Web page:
By Mike Nowatzki
Grand Forks Herald
BISMARCK — North Dakota regulators approved revised rules for gathering pipelines Monday, Nov. 7, to address concerns raised by the oil industry and state lawmakers who decided in September to delay the groundbreaking rules from taking effect.
The state Industrial Commission voted unanimously Monday to approve the revisions, which make the rules narrower and less retroactive than originally proposed. Department of Mineral Resources Director Lynn Helms said the proposed rules are still robust, including a berm requirement that will affect an estimated 1,400 sites.
“We think that will substantially reduce the off-site spills and releases,” he said.
The proposed rules apply to smaller gathering pipelines that transport oil and produced water — a waste byproduct of oil production — from the well to processing facilities.
The rules will take effect Jan. 1 if approved Dec. 5 by the Legislature’s Administrative Rules Committee, which voted in September to delay them.
Industry representatives complained at the time that the rules would create confusion, additional costs and weren’t what lawmakers intended in a comprehensive bill passed last year.
One revision approved Monday clarifies which sites will need a berm at least 6 inches tall to prevent spills from leaking off-site, while also adding the language “if deemed necessary by the director” to the section on berms for treating plants.
It also gives operators 180 days to install a berm from the date they’re notified they need one, due to North Dakota’s long winters, Helms said.
“There is more of a bright-line test,” he said, calling the provision “much more enforceable and much clearer.”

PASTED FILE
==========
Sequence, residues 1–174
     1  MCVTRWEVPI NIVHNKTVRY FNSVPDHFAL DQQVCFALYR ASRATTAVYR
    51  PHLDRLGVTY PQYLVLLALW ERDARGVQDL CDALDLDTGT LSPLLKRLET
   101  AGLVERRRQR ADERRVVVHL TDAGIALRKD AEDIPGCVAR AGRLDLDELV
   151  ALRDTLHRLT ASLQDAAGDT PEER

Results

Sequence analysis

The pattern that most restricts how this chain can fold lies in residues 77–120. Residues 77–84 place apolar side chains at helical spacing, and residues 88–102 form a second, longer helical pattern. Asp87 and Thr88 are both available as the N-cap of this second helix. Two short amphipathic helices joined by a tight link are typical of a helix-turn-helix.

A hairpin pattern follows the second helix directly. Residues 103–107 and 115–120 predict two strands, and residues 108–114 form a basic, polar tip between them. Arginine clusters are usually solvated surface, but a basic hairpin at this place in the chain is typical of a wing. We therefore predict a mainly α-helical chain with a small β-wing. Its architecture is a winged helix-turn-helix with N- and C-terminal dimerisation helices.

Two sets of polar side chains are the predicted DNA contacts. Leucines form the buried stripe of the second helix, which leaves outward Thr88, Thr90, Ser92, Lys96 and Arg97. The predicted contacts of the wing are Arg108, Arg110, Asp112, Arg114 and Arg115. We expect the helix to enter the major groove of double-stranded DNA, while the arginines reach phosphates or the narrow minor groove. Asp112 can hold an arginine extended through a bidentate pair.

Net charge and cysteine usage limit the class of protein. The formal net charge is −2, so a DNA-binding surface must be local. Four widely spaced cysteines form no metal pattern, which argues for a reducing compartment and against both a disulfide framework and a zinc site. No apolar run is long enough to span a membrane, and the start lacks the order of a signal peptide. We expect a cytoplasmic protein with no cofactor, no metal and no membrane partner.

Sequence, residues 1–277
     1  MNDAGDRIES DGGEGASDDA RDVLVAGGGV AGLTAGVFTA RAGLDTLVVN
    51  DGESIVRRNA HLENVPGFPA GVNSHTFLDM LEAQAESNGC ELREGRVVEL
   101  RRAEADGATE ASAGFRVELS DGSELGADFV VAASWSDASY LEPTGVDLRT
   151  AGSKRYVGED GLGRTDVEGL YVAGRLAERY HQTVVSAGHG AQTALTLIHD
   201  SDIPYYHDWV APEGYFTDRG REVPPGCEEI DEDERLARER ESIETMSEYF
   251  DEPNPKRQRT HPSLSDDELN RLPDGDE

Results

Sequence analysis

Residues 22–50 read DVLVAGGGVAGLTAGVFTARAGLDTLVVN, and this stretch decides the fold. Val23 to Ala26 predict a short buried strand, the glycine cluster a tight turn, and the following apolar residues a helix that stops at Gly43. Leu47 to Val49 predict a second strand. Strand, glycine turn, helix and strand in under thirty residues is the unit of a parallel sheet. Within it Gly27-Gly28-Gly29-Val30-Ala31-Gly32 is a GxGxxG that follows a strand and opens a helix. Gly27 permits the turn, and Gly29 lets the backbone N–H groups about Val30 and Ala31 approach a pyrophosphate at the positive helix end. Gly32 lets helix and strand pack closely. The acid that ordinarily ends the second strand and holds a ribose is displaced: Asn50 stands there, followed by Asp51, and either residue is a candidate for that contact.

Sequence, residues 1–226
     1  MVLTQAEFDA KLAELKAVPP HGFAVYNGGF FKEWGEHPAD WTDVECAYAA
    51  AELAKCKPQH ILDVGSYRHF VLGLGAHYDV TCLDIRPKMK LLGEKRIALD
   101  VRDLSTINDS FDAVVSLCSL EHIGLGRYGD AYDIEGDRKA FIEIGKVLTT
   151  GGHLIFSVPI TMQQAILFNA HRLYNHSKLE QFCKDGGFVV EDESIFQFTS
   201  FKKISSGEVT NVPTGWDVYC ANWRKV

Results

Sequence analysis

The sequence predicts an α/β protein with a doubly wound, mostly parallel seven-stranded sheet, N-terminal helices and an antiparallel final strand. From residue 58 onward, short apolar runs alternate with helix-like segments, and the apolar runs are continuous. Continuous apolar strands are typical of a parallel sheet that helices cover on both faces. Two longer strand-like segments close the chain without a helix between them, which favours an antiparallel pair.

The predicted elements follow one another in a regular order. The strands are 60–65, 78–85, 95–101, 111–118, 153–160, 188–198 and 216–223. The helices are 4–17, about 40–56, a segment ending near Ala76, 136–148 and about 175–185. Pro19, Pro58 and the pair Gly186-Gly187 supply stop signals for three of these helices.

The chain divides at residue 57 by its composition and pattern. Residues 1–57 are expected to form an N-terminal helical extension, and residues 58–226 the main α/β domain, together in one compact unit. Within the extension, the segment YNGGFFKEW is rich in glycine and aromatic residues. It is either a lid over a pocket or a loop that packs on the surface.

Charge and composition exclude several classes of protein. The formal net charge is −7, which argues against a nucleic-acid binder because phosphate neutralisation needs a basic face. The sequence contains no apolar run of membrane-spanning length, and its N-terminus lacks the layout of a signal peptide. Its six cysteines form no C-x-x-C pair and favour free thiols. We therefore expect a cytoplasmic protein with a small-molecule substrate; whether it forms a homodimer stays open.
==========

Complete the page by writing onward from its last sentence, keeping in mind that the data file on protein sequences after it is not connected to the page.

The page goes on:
Among the other revisions, a bonding requirement for gathering pipelines will no longer be retroactively applied to pipelines in place before April 20, the effective date of the legislation.
Operators will still have to provide notice before installing gathering lines for oil and produced water, but a similar provision for gas gathering lines was removed from the proposed rules because lawmakers said that wasn’t the legislative intent.
Helms said the revised set of regulations remains “very vigorous,” noting the bonding, berm and third-party inspection requirements and the fact operators must file affidavits describing their leak protection methods — and, if they have any, their leak detection methods, though those aren’t required.
“I think the rules as amended are still a big step in the right direction,” said Gov. Jack Dalrymple, who chairs the three-member Industrial Commission that oversees oil and gas regulation.
North Dakota Petroleum Council President Ron Ness said other states will look at the precedent-setting rules, and it was important to take the additional time to get them right.
“This is essentially a better rule. (It) didn’t change the stringent nature of them. It just made it more clear for the regulated community and clearly followed the legislative intent,” he said.